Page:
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I'm part of the development team of a GIS (geographic information system) cloud platform (https://sepal.io). We provide our users access to storage and supercomputers for free. To avoid them overloading the service we provide, we set up a quota system that prevents a regular user from using all our resources (because of course in the end WE pay for the AWS machines). If an advanced user require more computation we gladly increase their quota.

At the moment the quotas are displayed to the user as follows:

current display, a table with columns for the quota and amount utilized, with dollar signs used as units

Some of our users complained that we use the $ symbol and unit to measure quotas, as it make them think that they will need to pay.

How could we display this information without making people think that we are asking for money?

We cannot move directly to "%" because "budget d'instance" is not consumed at the same speed with respect to the size of the computer you're using; each machine will use your budget at a different speed:

table showing resources consumed

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  • 1
    Frame challenge: you say you want to display utilization, then say you want to display rate of exhaustion and give variable rate of exhaustion as a reason to reject the percentages already in the first image. Which is it that you want to display? If both, you don't say that you want to display both. Apr 17 '21 at 23:58
  • Any reason you couldn't use abstract currency symbol ¤? Apr 19 '21 at 7:24
  • Or maybe switch to credits, instead of $.
    – jnovacho
    Apr 19 '21 at 11:54
  • Frame challenge: Apparently you are donating the amounts of money which are displayed to your users. I would be prominently displaying that on purpose, in the hopes of raising donations from users who can afford it.
    – Nobody
    Apr 19 '21 at 14:07
  • We are a founded NGO we don't ask for money to our users. Apr 20 '21 at 6:09
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Personally I think you could use percentages just fine, you can still apply that to instance rates. For example, 0.02% per hour.

However, if you don't like the idea of percentages I would suggest you display everything as "units" instead. You don't even need to convert the numbers, just remove the currency symbol and add "units" at the end. Something like this:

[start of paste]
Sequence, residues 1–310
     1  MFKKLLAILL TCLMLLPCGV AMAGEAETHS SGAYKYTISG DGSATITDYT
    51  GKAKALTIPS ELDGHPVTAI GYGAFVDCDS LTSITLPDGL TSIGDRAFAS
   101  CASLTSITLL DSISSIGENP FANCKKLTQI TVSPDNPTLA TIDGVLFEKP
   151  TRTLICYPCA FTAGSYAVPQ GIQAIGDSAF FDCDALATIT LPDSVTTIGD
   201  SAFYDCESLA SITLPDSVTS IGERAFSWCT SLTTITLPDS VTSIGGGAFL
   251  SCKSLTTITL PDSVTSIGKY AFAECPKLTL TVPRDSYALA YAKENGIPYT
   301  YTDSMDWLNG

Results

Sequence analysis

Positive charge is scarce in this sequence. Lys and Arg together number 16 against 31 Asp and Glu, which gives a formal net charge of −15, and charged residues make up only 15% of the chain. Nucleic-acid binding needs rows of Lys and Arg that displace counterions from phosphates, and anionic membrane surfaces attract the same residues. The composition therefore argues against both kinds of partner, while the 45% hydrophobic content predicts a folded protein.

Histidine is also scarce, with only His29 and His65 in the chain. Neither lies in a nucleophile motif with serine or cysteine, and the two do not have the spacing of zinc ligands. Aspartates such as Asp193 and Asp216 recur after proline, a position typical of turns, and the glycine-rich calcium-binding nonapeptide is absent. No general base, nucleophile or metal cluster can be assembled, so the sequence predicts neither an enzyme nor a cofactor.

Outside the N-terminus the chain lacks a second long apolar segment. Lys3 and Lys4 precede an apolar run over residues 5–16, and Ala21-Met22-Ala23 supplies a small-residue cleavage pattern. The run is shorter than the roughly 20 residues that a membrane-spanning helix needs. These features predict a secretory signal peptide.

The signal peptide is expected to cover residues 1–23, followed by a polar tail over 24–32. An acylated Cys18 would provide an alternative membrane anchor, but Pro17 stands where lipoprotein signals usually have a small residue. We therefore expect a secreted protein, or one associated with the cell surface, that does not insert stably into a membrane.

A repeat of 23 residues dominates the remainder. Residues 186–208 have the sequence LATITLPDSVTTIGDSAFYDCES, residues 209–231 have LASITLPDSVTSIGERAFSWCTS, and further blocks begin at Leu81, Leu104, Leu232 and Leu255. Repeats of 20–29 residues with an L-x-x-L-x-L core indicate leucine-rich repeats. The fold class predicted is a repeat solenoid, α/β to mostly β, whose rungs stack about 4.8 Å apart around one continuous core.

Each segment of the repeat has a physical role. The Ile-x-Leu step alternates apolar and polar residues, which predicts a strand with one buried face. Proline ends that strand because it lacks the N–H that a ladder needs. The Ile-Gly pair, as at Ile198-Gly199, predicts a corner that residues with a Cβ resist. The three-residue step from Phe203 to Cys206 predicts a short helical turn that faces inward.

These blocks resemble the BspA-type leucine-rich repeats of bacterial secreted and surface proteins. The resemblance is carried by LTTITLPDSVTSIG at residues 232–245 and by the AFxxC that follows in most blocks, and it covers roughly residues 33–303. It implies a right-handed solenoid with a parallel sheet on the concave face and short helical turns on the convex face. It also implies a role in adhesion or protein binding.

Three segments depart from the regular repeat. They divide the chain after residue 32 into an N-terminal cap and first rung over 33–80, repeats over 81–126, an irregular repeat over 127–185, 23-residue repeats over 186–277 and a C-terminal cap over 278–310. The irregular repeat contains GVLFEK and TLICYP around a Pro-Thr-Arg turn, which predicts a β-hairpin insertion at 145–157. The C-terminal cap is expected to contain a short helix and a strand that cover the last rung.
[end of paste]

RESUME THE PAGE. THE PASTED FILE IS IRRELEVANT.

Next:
enter image description here

If you don't like the idea of using fractions of a unit, then just eliminate the decimals by multiplying all the values by 100. Like this:

enter image description here

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    Snowflake does this with Virtual Credits. You buy credits, and every resource has a fixed cost. Slightly shady, as this allows them to have variable pricing by controlling the price of the credits, but that should not be an issue since this is free. Coincidently, this is the same tactic that mobile games use to increase spending. Apr 18 '21 at 9:10
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Just delete the dollar sign. The units aren't important here, just the amounts.

Quota: 100
Usage: 60

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My answer is so basic that I'm worried that I'm missing something obvious, but here goes:

How do you know when a user has exceeded or is approaching their quota? What is actually being measured to tell you that? Bytes (as in storage)? Minutes (as in cell phone usage)? Bytes per hour?

Just use the units of whatever is actually being measured. (If the users aren't paying, I'm not sure I understand why is it being converted into dollars to begin with.)

If you offer multiple services that use different units and the units are converted to dollars as a way of normalizing them into a single value, then one solution might be to change the column headings from "Quota" to "Monthly Credit" (or "Weekly credit" or "annual credit" or whatever time the quota is based on) and the 2nd column to "Credit remaining" (or possibly "Credit used" if you can't change the logic that calculates the value of the 2nd column). The idea here is that use of the word "credit" (or possibly "allowance") addresses the concerns from the users that feel the current display gives the impression that they are being charged.

If you don't think that changing the column headings alone will solve the problem, then another approach would be to just ditch the dollar sign and use units of "credits." That addresses the concern two ways: it gets rid of the dollar sign that some users don't understand, the unit "credits" emphasizes the free nature of the service.

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